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Confederate memorial set on fire, vandalized at Trout Creek Fish Camp

Memorial had recently been moved from downtown St. Augustine

ST. JOHNS COUNTY, Fla. – A Confederate memorial that was recently moved from downtown St. Augustine to the Trout Creek Fish Camp has been the target of vandalism.

Someone tried to set the nearly 30-foot stone pillar on fire, a spokesman for the St. Johns County Sheriff’s Office said. The memorial and the surrounding concrete pavement were also sprayed with orange paint that read “You make us look bad.”

The memorial, which honors 46 Confederate soldiers, was finally erected at its new home at the Trout Creek Fish Camp on Thursday, but crews still needed to take beams off the nearly 150-year-old memorial, which was encased in packaging from its long journey.

Whoever vandalized the statue trespassed, threw oil on it and then set the packing material on fire overnight. It wasn’t much of a blaze, authorities said.

The base was visibly charred by the city said foam pieces that are protecting the plaques served as a repellent and the fire did not take.

Packing material around a 30-foot stone pillar honoring Confederate soldiers was set on fire, authorities say
Packing material around a 30-foot stone pillar honoring Confederate soldiers was set on fire, authorities say (Provided by a viewer)

It’s unclear what time the fire was set, and no one is in custody.

A contractor told News4Jax there are no cameras at the fish camp. Deputies said they will investigate any cameras around the area to see if they can spot suspects.

City officials, St. Johns County investigators and the contractor were at the scene Friday morning, assessing the damage.

For now, the city still owns the memorial until the “artifact lease agreement” has been executed with the property’s owner, Randy Ringhaver.

Ringhaver will have to decide whether to put security measures in place.

By noon Friday, a fence perimeter had been put up around the memorial.

“We don’t need no more tension in our community. We don’t need any more anger. That needs to be set aside,” said St. Augustine resident Douglas Manucy. “We just want to appreciate the history we have. There’s a lot of history in St. Augustine, and it comes from all over. Let’s preserve it and appreciate it, and let’s not destroy it.”

The memorial, which previously stood in the Plaza de la Constitution in the heart of St. Augustine, arrived 13 days ago at the fish camp but the cement where it’s now sitting needed to settle for the past week and crews were finally able to place it in its permanent position Thursday in front of a pavilion on the fish camp grounds.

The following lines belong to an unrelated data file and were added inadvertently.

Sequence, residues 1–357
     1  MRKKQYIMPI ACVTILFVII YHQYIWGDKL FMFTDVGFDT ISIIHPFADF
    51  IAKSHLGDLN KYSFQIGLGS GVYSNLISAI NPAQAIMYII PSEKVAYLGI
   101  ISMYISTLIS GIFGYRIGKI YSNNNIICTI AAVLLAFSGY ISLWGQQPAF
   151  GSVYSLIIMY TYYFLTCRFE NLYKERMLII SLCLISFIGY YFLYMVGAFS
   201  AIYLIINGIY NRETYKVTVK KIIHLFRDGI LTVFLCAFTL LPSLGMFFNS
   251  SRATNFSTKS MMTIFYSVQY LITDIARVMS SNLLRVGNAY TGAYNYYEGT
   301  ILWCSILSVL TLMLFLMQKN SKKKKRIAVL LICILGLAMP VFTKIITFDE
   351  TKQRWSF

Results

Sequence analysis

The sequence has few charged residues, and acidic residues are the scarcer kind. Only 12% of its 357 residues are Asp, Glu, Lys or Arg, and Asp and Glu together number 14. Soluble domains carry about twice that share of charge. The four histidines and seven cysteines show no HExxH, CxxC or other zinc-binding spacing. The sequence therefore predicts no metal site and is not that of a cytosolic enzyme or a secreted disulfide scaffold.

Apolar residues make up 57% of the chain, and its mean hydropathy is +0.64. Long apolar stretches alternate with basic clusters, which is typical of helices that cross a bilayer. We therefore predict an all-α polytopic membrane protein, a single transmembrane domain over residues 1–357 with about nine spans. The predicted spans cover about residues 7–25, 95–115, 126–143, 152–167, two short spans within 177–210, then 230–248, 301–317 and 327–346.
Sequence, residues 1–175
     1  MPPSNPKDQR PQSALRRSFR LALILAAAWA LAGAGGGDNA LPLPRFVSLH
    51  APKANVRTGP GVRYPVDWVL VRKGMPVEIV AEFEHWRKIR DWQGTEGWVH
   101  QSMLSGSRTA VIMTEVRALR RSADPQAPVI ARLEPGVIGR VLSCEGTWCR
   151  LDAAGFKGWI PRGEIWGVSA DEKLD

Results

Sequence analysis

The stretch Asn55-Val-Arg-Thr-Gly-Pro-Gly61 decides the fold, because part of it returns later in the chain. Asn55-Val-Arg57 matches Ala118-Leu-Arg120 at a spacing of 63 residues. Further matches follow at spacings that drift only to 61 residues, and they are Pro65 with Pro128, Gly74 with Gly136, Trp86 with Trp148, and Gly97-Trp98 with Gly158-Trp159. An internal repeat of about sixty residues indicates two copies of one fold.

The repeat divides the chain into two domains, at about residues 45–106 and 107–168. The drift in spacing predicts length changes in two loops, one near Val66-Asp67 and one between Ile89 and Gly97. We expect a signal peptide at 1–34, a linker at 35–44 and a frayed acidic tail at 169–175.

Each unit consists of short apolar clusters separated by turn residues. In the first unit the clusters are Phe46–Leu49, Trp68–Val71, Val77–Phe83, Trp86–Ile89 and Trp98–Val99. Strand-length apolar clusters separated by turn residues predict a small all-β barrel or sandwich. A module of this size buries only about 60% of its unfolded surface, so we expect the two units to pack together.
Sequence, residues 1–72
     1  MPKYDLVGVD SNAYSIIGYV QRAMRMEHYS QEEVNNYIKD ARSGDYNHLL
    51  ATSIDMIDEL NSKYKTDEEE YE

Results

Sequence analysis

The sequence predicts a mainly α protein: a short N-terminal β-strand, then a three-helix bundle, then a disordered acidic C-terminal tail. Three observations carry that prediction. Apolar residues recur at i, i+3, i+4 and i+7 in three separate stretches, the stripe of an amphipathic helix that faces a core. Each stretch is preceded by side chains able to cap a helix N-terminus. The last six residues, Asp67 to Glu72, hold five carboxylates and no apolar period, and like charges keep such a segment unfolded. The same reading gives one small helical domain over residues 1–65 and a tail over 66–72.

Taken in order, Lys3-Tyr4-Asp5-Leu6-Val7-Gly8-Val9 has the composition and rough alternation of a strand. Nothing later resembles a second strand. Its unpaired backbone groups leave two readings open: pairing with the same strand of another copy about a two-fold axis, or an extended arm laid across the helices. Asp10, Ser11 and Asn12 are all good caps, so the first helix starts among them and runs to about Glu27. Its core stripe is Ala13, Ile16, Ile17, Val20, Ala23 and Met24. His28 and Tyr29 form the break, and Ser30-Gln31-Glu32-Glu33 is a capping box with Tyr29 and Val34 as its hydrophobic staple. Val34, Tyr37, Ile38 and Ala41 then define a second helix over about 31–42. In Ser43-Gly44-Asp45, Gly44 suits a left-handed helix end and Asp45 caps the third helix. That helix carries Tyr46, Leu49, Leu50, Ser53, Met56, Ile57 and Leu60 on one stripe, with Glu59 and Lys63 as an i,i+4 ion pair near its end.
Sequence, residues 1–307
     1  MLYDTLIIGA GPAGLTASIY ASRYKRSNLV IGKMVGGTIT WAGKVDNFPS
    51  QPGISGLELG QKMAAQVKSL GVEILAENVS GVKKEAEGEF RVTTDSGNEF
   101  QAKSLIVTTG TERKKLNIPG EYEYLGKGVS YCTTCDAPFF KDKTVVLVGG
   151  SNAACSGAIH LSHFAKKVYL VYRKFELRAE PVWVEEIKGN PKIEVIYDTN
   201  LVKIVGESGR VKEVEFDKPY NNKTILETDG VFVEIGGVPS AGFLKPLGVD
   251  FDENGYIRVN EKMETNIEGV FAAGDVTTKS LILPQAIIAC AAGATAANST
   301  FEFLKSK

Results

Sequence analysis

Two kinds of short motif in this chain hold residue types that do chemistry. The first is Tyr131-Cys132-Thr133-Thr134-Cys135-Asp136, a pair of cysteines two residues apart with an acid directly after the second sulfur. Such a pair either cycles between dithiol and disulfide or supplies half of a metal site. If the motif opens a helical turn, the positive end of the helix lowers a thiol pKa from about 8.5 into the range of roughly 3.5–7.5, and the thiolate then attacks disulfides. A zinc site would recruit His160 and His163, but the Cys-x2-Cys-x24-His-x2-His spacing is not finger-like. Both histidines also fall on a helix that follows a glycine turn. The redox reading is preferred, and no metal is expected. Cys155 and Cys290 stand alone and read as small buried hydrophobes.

The contractor hired by the city told News4Jax another layer of concrete will be poured around the memorial to complete the project. Plaques will then be placed once crews fill the bottom with dirt.

Ringhaver also proposed a park and sidewalks so future generations can visit the site.

The journey from the plaza to the fish camp took four days and had to be undertaken carefully because the contractor charged with moving the 100,00-pound memorial wanted to be sure it arrived in one piece.

The journey

After contractors spent time carefully packing the memorial for the move, the journey began Sept. 9 with a three-block ride from the plaza to Avenida Menendez, where it was staged for transport on a barge the next day.

Jeremy Patterson, vice president of Progressive Construction, said the diesel engine transporter the monument was loaded onto featured a hydraulic dolly system that drives itself via remote control. The monument -- dolly system and all -- was loaded onto the barge for the 94-mile trek by water on Sept. 10 after a crane spent hours creating a makeshift ramp to roll it aboard.

While the memorial’s new home was only 18 miles away from the plaza by land -- about a 30-minute drive -- the decision was made to take the journey by water instead -- north on the Intracoastal Waterway, then into the St. Johns River near Mayport and south, past downtown Jacksonville and on to the fish camp along State Road 13.

The trip was expected to take as much as 15 hours, but the delivery was delayed Sept. 11 because the crew opted to wait for daylight in the mouth of the creek before finishing the trip. The barge finally arrived just before 7:30 a.m that day -- more than 19 hours after it left the bayfront -- and docked west of the bridge because it couldn’t fit underneath to directly access the fish camp property.

It took roughly two hours to unload the monument from the barge, along with the necessary equipment required to move it. That included a truck, a crane and a forklift.

Due to wet and muddy grounds, crews placed down steel plates and ramps to protect the 100,000-pound monument during the transport across State Road 13, which wasn’t completed until Sept. 12, when utility workers raised power lines to allow it to cross the highway and arrive at the fish camp.

Controversial decision

In June, the St. Augustine City Commission voted 3-2 in favor of moving the Confederate monument that was built in 1872 in downtown St. Augustine.

There have been protests over the removal of the monument, but no protesters were out Wednesday for the first leg of the move. Spectators lined the streets and there was a heavy police presence.

The city said the move was expected to cost $236,000.

A statue of Confederate Gen. William Loring that was located feet away was also removed last month. The University of Florida, which owns the property where the Loring monument stood, relocated the statue to private property.


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